Clallam County sheriff’s deputies will begin wearing body cams as soon as a public records person is hired and the use policy and vendor contract are finalized, Sheriff Brian King told the county commissioners.
“A competitive technology market has brought down the cost. So now is the time to implement this program,” King said at a work session on May 8.
The five-year contract will cost $500,000, which will be funded through various sources.
A public records specialist also will be required at the cost of about $45,000, according to a staff memo.
“We want to say that we are doing this so we can maintain the trust that we have earned,” King said.
Commissioner Mark Ozias said one of the strengths of King’s proposal was all the outreach he did to the labor unions, prosecuting attorney’s office, Clallam County Public Defenders and others.
King said one of the most important aspects of the program is strengthening public accountability and transparency.
Over time, King said, law enforcement officials have seen the erosion of confidence and trust in law enforcement — although perhaps not here in Clallam County but certainly across the nation and locations in our state, he added.
Other jurisdictions see an initial 50 percent increase in public records requests, but that usually declines to about 35 percent, King said.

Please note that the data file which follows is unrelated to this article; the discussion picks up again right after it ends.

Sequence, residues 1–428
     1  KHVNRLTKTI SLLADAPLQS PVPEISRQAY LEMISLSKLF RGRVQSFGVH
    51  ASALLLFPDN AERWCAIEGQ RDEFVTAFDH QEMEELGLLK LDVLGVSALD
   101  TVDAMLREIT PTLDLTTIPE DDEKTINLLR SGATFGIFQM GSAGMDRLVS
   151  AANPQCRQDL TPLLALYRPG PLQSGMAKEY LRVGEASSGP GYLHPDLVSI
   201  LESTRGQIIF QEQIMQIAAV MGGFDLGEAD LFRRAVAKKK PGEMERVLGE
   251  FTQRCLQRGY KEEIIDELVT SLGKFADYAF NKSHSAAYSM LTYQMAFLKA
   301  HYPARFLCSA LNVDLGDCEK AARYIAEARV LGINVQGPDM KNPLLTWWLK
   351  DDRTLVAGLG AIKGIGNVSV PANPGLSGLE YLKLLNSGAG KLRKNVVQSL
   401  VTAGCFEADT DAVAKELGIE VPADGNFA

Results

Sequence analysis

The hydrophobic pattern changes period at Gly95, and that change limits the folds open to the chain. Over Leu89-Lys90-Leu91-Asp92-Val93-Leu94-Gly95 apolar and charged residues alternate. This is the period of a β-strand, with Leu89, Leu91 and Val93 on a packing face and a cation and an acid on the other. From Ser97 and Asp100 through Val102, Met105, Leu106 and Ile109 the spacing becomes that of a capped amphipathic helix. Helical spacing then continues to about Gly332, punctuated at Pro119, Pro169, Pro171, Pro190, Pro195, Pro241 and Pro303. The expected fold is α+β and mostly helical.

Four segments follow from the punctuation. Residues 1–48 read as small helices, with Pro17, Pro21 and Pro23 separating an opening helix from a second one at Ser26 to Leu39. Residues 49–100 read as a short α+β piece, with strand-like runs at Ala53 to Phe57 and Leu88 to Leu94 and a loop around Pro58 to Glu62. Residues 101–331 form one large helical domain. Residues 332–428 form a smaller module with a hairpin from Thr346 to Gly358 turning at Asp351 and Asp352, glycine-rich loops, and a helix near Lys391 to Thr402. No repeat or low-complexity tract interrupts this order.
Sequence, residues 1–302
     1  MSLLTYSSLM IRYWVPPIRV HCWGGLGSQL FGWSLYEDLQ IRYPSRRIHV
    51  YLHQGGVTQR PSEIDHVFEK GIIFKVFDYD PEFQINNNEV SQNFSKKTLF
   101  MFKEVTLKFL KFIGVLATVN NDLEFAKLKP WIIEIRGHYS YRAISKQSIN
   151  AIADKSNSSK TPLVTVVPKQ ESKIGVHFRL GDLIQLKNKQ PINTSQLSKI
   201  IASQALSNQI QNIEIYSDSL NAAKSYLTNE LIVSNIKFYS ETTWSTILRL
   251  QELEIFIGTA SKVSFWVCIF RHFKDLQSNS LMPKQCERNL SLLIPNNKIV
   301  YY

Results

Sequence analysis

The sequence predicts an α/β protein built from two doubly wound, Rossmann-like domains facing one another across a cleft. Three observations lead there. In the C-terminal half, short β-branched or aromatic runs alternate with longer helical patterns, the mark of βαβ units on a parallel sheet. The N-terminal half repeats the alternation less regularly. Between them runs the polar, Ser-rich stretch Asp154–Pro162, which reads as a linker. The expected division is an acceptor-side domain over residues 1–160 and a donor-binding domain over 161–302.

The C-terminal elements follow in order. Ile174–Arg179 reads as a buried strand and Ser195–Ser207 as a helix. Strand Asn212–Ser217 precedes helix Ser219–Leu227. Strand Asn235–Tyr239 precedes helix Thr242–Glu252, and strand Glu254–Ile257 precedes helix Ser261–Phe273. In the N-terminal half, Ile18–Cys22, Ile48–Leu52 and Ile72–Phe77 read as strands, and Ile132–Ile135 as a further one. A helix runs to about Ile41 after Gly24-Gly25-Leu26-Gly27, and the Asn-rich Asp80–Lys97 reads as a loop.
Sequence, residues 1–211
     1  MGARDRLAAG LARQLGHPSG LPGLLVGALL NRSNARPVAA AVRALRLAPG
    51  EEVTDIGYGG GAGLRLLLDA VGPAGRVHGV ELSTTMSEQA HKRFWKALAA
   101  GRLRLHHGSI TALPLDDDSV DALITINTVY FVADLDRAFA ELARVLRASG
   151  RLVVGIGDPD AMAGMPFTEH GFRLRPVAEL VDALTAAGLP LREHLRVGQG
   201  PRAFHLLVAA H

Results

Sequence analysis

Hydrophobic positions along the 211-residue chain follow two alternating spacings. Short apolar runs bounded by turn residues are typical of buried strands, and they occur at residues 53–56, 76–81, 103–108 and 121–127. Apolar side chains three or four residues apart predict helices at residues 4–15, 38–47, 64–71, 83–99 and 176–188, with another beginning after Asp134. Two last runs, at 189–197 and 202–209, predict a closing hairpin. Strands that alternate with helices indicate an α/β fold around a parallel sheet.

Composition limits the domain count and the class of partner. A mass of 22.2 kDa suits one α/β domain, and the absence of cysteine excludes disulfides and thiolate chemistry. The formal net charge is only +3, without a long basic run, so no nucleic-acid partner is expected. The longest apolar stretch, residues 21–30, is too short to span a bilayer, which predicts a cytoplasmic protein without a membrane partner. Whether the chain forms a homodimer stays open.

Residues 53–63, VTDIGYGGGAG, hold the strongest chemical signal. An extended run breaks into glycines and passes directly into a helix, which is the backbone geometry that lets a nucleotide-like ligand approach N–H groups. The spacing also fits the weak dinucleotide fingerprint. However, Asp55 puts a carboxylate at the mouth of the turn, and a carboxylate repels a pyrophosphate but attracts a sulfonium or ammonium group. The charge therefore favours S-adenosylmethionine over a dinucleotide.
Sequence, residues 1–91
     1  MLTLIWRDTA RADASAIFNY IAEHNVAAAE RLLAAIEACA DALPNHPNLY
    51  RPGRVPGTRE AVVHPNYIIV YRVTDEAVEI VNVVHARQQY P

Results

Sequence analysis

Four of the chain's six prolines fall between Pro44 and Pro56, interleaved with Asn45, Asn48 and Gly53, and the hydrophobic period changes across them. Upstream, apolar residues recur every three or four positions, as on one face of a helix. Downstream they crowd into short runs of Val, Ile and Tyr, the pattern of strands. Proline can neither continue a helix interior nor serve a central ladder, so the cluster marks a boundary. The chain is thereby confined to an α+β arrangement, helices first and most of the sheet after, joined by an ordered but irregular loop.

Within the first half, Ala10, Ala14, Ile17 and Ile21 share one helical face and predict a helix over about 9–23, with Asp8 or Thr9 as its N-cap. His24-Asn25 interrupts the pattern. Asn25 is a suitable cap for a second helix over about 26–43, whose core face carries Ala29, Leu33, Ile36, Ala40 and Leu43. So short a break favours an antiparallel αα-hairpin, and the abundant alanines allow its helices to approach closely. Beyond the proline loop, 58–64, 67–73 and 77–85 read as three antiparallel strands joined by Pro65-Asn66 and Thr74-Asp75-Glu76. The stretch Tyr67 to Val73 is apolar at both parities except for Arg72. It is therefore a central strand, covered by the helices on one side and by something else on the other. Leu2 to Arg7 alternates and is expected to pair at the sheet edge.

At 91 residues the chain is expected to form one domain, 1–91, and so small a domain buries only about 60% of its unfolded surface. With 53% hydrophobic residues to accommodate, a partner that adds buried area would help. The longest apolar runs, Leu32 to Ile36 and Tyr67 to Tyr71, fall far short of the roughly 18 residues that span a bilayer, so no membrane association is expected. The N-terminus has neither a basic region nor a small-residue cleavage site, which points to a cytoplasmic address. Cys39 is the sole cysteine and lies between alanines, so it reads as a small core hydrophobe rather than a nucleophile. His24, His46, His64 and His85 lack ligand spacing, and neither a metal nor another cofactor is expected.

The current public records officer won’t be able to handle that, so another full-time position is necessary, he said.
Retention and dissemination is the other part of the new person’s job, King said.
The privacy protections will depend upon the deputies’ discretion, but people will be told upfront that they are being audio and video recorded, King said.
One thing in the policy that the sheriff’s office wanted to take away was blanket discretion for the deputies to turn it off whenever they want, he said.
Citizens knowing that deputies have these cameras changes behavior, King said.
Ozias said it could serve not just as a risk mitigation tool but a trust-building tool with the public.
King said cities are required to pass an ordinance allowing police officer body cams, but counties are not.
Chief Criminal Deputy Amy Bundy of the Sheriff’s Office has extensively looked at implementation of these cameras across the state, King said.
It’s a tough balance between what we are trying to capture and honoring people’s right to privacy in settings such as schools, hospitals and homes, King said.
So if a deputy is going into a school to talk about drug use or into someone’s home to conduct a burglary investigation, the cameras won’t be activated unless the deputy believes there is a reason to do so, he said.
Commissioner Mike French said he appreciated the evidentiary value of the body cams.
King said both the defense bar and the prosecuting attorney’s office know that having video-capturing interactions between law enforcement and the public expedites charging decisions.
And juries today expect to have that information there, he said.